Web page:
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Eur J Neurol. 2010 Mar;17(3):383-90. doi: 10.1111/j.1468-1331.2009.02809.x. Epub 2009 Oct 10.

Cystatin C as an index of cerebral small vessel disease: results of a cross-sectional study in community-based Japanese elderly.

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1
Department of Neurology, Hematology, Metabolism, Endocrinology, and Diabetology, Faculty of Medicine, Yamagata University, Iida-Nishi, Yamagata, Japan. mwada@yacht.ocn.ne.jp

Abstract

BACKGROUND AND PURPOSE:

Recent studies have shown that kidney dysfunction is associated with cerebral small vessel disease (SVD). Although creatinine-based estimating equations have been used as the standard measure for the evaluation of kidney function, the accuracy of these is limited in the elderly because of muscle mass decrease with aging. Cystatin C is a more useful measurement than creatinine-based estimating equations for evaluating kidney function, however, the relationship amongst cystatin C, cognitive dysfunction, and cerebral SVD has not been fully examined in community-based elderly.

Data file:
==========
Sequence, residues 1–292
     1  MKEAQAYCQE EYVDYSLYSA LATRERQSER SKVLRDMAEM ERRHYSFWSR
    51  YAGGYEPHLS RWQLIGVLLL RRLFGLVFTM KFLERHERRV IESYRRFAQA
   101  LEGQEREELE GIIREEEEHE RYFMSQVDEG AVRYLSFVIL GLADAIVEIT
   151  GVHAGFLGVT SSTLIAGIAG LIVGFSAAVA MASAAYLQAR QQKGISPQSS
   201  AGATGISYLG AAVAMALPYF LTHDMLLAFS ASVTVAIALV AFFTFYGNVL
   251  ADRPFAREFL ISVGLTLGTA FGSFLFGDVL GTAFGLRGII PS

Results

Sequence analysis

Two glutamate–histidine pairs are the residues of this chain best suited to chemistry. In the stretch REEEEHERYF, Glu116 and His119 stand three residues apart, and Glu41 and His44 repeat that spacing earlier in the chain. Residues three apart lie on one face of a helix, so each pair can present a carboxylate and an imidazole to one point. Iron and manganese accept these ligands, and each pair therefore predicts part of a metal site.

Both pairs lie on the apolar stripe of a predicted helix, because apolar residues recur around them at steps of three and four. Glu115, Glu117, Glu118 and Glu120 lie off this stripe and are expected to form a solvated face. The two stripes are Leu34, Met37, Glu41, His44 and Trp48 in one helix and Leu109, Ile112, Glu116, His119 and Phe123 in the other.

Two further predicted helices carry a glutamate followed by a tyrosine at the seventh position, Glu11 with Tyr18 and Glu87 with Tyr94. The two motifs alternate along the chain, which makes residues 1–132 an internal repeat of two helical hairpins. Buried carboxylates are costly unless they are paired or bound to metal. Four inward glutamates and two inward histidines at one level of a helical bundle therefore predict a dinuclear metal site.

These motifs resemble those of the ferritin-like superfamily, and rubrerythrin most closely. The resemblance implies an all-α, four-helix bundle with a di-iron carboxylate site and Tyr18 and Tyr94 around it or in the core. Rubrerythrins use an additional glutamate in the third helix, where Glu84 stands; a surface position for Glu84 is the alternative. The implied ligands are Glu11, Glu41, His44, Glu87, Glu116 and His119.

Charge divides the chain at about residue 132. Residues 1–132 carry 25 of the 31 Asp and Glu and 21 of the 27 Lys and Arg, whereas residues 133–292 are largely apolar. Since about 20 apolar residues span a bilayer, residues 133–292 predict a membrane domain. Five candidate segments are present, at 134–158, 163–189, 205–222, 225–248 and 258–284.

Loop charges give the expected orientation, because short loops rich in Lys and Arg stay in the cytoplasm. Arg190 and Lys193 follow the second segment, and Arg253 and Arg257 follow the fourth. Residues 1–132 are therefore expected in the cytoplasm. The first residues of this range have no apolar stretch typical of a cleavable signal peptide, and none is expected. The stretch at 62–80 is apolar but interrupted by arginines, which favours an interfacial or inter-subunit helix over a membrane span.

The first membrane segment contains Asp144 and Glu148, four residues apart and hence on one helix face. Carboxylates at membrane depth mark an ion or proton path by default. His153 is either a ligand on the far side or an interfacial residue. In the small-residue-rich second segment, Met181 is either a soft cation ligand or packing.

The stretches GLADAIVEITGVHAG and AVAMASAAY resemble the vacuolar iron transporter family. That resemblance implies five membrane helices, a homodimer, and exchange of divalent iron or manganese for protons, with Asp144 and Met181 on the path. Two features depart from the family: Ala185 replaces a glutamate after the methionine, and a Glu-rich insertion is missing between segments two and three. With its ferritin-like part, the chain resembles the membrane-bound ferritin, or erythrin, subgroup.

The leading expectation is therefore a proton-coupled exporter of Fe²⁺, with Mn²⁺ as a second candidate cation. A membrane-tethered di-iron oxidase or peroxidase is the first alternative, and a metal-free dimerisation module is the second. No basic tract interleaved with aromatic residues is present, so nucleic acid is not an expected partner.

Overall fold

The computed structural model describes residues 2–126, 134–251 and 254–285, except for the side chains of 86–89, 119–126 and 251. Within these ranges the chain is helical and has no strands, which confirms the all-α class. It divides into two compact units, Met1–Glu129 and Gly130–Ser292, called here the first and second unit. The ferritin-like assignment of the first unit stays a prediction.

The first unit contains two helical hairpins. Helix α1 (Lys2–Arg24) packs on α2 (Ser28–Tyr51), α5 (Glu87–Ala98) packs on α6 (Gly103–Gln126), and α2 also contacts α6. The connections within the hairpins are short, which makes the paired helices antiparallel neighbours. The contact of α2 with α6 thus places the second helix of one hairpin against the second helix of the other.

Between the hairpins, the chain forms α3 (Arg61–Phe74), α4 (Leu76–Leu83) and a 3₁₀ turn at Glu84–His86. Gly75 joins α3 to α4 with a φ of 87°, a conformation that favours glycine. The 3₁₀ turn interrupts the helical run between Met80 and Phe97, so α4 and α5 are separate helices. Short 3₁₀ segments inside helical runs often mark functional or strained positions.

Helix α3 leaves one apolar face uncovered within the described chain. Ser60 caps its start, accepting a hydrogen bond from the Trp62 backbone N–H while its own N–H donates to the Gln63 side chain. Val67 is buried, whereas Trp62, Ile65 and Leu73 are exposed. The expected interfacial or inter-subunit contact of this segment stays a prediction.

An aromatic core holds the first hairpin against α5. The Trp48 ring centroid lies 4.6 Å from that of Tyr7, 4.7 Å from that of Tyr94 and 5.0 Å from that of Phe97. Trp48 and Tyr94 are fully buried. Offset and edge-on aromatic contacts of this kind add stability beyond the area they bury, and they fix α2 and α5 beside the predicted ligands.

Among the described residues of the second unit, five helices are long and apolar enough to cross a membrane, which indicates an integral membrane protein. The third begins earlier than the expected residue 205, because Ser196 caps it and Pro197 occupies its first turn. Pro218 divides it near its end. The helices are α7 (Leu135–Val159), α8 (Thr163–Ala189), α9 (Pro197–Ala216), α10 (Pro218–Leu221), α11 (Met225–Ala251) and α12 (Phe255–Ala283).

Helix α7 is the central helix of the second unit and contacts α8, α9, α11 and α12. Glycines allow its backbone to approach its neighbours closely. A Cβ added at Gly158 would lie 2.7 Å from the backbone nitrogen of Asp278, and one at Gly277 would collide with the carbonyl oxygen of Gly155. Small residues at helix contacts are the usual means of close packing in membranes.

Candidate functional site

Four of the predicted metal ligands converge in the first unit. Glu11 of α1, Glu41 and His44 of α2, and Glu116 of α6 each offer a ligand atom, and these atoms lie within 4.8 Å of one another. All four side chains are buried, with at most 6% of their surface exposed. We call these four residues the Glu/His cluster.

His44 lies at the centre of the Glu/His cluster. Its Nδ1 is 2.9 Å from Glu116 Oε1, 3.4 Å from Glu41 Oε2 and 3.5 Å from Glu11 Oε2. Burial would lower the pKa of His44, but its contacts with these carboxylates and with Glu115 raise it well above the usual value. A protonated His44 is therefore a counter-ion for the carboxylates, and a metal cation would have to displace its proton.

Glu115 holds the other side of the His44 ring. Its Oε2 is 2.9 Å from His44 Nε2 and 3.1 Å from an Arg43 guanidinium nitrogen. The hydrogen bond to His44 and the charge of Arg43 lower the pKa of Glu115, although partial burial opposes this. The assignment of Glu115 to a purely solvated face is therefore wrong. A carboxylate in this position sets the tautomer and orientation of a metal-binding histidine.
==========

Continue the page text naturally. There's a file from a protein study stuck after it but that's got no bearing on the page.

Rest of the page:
METHODS:

We performed a cross-sectional study using MRI to determine the relationship amongst cystatin C, cognitive function, and cerebral SVD in a total of 604 community-based Japanese elderly.

RESULTS:

In this study, subjects with higher cystatin C levels tended to have more lacunas and higher grades of white matter lesions. Although a decline of the Mini-Mental State Examination (MMSE) scores was associated with SVD-related lesions, the relationship between the tertiles of cystatin C and mean MMSE scores was not statistically significant. In the logistic regression analysis, the association between cystatin C and SVD-related lesions was statistically significant, even after adjustment for conventional risk factors and high-sensitivity C-reactive protein. Furthermore, subjects with higher cystatin C levels accompanied with albuminuria had a greater risk for the presence of subclinical cerebral SVD than those with lower cystatin C levels without albuminuria.

CONCLUSIONS:

The present study suggests that there is a close relationship between cystatin C and subclinical cerebral SVD, independently of conventional risk factors, in community-based elderly.

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